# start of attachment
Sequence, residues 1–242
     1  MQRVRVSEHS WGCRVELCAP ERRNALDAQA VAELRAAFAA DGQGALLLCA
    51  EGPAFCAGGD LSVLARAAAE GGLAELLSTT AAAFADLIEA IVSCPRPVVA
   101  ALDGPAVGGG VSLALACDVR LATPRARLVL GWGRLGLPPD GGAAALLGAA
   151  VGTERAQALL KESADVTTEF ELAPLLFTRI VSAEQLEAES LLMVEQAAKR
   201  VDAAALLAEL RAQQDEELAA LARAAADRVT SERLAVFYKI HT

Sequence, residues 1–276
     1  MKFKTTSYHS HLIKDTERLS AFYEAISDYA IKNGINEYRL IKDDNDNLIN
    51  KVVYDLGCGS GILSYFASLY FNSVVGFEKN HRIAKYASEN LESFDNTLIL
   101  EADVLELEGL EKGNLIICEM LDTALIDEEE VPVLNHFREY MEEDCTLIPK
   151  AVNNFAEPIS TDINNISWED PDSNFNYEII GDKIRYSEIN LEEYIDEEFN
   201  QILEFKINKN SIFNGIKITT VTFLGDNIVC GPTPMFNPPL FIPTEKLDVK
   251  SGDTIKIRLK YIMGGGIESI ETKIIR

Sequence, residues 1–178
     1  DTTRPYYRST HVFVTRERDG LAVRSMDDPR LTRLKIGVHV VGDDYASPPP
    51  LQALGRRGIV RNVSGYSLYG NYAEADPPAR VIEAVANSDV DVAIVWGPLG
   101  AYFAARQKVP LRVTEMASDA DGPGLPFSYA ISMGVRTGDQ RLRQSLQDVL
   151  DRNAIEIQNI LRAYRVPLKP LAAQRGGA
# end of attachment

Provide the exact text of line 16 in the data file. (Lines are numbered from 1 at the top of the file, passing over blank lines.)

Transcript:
    51  LQALGRRGIV RNVSGYSLYG NYAEADPPAR VIEAVANSDV DVAIVWGPLG